“I like to photograph people, especially young people - children. I like sadness, it's more photogenic than joy.”
Julia Pirotte-Sokolska, née Gina Diament (20 August 1908, Końskowola – 25 July 2000, Warsaw) – photojournalist, journalist, documentalist. Co-founder of the Military Photographic Agency (1946−1948), laureate of the French Order of Art and Literature (1996).
She was born in Końskowola as the second daughter of Sara née Szejnfeld and Baruch Diament who was running a small trade business. She had an older brother, Majer (he died of typhus in a Soviet labour camp, in 1943) and a younger sister, Mindla (murdered by the Gestapo in a Wrocław prison in 1944).
After the death of her mother and the remarriage of her father, the family moved to Warsaw. Poverty and the hardship of growing up (life in poverty, malnutrition, her family could not afford to pay for children’s education) forced her and her siblings to work at a very young age, and also made her actively involved in communist activities within the structures of the Communist Party of Poland (Polish: Komunistyczna Partia Polski - KPP), which had been illegal since 1920. In 1920 or 1921, the sisters were imprisoned. Mindla, released two years later, emigrated to France in 1933. Julia, after serving four years, left Poland in 1934 to join her sister.
Due to disease she remained in Brussels, where she was helped by the left-wing organization dealing with political refugees - Secours Rouge. In 1935, she married Jean Pirotte, a workers' activist, and thus obtained Belgian citizenship.
She stayed in Belgium until 1940. She worked at a metal structure factory in Uccle. She participated in strikes and workers' rallies, attended photography and journalism courses as a free student. In 1939, she left for the Baltic countries to work for the Foto Waro agency but had already published the first photo reports on the everyday life of Polish miners in Charleroi, published in the Belgian communist newspaper Drapeau Rouge.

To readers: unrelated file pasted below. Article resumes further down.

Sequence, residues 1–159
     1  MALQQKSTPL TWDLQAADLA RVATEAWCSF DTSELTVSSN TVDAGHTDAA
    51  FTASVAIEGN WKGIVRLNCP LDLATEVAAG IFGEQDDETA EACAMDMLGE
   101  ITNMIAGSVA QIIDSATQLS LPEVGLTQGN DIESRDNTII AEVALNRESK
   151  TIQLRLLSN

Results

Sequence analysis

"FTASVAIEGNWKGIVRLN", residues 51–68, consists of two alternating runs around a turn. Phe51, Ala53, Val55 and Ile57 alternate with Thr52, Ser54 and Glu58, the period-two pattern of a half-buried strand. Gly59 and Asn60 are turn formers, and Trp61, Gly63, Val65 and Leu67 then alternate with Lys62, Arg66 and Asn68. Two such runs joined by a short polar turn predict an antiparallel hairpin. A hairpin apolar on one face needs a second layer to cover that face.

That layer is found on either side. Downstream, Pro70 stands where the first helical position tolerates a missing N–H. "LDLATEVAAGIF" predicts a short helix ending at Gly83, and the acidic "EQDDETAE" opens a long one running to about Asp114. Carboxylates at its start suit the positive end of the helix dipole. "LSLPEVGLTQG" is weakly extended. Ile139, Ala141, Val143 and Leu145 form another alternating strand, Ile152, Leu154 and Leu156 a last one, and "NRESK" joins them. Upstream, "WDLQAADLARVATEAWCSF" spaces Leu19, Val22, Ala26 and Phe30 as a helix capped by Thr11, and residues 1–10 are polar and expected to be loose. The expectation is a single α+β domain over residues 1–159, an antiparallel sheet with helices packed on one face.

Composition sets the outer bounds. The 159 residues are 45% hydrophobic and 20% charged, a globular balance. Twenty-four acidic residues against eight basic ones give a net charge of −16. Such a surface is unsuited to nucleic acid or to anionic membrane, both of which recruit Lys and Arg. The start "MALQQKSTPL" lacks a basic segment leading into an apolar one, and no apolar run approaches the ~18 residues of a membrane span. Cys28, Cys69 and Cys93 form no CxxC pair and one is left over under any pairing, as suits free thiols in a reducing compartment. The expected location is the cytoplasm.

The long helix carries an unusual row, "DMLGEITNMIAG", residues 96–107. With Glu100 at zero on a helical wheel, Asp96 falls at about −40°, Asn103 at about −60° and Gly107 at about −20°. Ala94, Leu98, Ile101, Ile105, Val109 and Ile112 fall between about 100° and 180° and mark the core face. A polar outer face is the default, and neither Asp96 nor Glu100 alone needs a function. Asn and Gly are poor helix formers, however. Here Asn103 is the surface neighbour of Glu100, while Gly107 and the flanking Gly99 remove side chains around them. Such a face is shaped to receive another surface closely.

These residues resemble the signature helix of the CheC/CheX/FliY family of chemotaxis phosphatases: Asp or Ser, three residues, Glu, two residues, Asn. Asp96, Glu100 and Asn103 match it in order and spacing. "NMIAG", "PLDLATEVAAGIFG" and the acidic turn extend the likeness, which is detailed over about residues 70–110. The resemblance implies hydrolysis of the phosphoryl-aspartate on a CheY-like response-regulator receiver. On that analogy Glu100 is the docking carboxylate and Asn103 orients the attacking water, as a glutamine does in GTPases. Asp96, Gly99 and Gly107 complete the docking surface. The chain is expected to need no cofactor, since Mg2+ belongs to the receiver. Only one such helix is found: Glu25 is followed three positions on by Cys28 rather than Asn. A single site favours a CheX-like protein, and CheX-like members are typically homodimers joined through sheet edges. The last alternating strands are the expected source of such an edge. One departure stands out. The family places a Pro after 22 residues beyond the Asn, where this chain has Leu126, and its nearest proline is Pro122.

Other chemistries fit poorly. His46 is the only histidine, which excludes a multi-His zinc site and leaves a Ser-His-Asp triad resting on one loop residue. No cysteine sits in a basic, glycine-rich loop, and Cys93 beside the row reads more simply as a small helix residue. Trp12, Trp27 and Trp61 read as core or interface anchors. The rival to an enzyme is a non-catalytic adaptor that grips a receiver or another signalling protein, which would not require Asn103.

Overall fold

After the Germans entered Belgium in 1940, Julia found herself in Marseilles; she was separated from her conscripted husband (as it turned out, forever). Equipped with a Leica camera donated by Suzanne Spaak, she earned a living, among others by "beach photography" – taking photos of the sunbathers. Noticed, probably during this work, she was hired as a photojournalist for the Dimanche Illustre weekly. She took photos of artists visiting Marseilles. A very well-known portrait of Edit Piaf comes from this period.
Throughout all her years in Marseille, Julia Pirotte was active in the resistance movement. She played an important role as a liaison officer and courier in the FTPF-MOI (Erancs-tireurs et partisants-main d'œuvre immigrée) organization. She also fought, perhaps most of all, with her camera, capturing both everyday life and military actions of the French resistance movement as well as the lives of the poorest inhabitants of Marseille under the Vichy rule, mainly labourers. She took pictures of the Bompard transit camp for Jewish women and children who were later deported to the German Nazi Auschwitz concentration camp. She photographed the town, which was deserted after the displacement of its inhabitants, including approx. 2,000 Jews, the destroyed district of Old Port. Her photos from France Under Occupation series, smuggled into the United States by a Czech courier, were published anonymously in the American press,.
In 1944, an uprising broke out in Marseille. At that time Julia Pirotte took her most famous photos of the city
“The uprising began on August 21 at 3 pm. At 3.30 pm we captured the prefecture building and then, crouching behind the wheel of a car, I took pictures of the first partisan attack on escaping Germans. Actually, I was uninterruptedly photographing all the time, until the end”.